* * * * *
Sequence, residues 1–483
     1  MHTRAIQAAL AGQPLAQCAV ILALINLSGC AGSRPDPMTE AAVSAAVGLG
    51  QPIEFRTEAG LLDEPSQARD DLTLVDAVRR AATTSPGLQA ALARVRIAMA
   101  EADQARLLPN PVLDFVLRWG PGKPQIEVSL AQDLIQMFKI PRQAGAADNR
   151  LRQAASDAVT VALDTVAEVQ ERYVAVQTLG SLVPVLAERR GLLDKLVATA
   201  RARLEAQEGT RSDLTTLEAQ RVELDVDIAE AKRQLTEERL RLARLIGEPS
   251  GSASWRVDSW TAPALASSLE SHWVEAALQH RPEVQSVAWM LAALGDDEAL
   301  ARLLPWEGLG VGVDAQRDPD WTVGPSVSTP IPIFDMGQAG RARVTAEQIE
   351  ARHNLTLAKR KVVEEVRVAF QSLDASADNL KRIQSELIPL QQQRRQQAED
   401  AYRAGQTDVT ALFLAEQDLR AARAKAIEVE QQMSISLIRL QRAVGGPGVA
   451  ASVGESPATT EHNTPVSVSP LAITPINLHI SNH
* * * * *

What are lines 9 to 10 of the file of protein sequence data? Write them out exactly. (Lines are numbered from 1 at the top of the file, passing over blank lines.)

   351  ARHNLTLAKR KVVEEVRVAF QSLDASADNL KRIQSELIPL QQQRRQQAED
   401  AYRAGQTDVT ALFLAEQDLR AARAKAIEVE QQMSISLIRL QRAVGGPGVA